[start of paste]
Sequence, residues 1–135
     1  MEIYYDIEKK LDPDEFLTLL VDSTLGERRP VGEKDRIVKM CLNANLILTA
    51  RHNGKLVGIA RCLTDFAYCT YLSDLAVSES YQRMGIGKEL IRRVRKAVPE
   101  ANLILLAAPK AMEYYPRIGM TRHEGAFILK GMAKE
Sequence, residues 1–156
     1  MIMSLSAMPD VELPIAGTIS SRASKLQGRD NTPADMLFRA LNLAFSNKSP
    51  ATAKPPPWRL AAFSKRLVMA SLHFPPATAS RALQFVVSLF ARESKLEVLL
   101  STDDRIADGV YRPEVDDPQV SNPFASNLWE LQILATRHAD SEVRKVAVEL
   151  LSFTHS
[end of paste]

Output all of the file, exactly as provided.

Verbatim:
Sequence, residues 1–135
     1  MEIYYDIEKK LDPDEFLTLL VDSTLGERRP VGEKDRIVKM CLNANLILTA
    51  RHNGKLVGIA RCLTDFAYCT YLSDLAVSES YQRMGIGKEL IRRVRKAVPE
   101  ANLILLAAPK AMEYYPRIGM TRHEGAFILK GMAKE
Sequence, residues 1–156
     1  MIMSLSAMPD VELPIAGTIS SRASKLQGRD NTPADMLFRA LNLAFSNKSP
    51  ATAKPPPWRL AAFSKRLVMA SLHFPPATAS RALQFVVSLF ARESKLEVLL
   101  STDDRIADGV YRPEVDDPQV SNPFASNLWE LQILATRHAD SEVRKVAVEL
   151  LSFTHS